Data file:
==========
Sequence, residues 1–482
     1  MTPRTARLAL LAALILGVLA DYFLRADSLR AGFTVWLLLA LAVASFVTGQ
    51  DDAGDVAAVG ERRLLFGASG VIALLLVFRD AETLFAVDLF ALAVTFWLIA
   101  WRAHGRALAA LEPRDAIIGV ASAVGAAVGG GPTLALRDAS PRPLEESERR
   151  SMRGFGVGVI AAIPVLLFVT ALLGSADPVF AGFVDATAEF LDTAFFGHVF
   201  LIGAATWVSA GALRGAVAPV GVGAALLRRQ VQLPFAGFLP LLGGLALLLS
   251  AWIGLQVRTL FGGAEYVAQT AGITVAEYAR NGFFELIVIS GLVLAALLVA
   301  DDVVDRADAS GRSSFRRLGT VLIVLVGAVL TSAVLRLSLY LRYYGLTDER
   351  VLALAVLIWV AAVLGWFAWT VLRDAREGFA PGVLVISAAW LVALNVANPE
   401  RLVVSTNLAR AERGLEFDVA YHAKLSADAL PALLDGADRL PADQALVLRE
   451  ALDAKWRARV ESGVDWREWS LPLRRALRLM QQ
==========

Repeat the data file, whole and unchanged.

Sequence, residues 1–482
     1  MTPRTARLAL LAALILGVLA DYFLRADSLR AGFTVWLLLA LAVASFVTGQ
    51  DDAGDVAAVG ERRLLFGASG VIALLLVFRD AETLFAVDLF ALAVTFWLIA
   101  WRAHGRALAA LEPRDAIIGV ASAVGAAVGG GPTLALRDAS PRPLEESERR
   151  SMRGFGVGVI AAIPVLLFVT ALLGSADPVF AGFVDATAEF LDTAFFGHVF
   201  LIGAATWVSA GALRGAVAPV GVGAALLRRQ VQLPFAGFLP LLGGLALLLS
   251  AWIGLQVRTL FGGAEYVAQT AGITVAEYAR NGFFELIVIS GLVLAALLVA
   301  DDVVDRADAS GRSSFRRLGT VLIVLVGAVL TSAVLRLSLY LRYYGLTDER
   351  VLALAVLIWV AAVLGWFAWT VLRDAREGFA PGVLVISAAW LVALNVANPE
   401  RLVVSTNLAR AERGLEFDVA YHAKLSADAL PALLDGADRL PADQALVLRE
   451  ALDAKWRARV ESGVDWREWS LPLRRALRLM QQ